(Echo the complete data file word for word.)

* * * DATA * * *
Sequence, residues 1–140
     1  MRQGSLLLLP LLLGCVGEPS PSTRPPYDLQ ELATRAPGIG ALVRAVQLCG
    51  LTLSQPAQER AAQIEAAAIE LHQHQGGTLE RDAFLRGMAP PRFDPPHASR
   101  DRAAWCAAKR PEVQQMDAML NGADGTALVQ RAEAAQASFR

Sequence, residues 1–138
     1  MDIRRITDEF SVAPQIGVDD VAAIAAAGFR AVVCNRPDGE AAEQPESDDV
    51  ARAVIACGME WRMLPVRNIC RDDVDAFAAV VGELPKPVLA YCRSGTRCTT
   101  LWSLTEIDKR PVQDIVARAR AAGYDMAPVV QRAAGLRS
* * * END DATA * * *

Sequence, residues 1–140
     1  MRQGSLLLLP LLLGCVGEPS PSTRPPYDLQ ELATRAPGIG ALVRAVQLCG
    51  LTLSQPAQER AAQIEAAAIE LHQHQGGTLE RDAFLRGMAP PRFDPPHASR
   101  DRAAWCAAKR PEVQQMDAML NGADGTALVQ RAEAAQASFR

Sequence, residues 1–138
     1  MDIRRITDEF SVAPQIGVDD VAAIAAAGFR AVVCNRPDGE AAEQPESDDV
    51  ARAVIACGME WRMLPVRNIC RDDVDAFAAV VGELPKPVLA YCRSGTRCTT
   101  LWSLTEIDKR PVQDIVARAR AAGYDMAPVV QRAAGLRS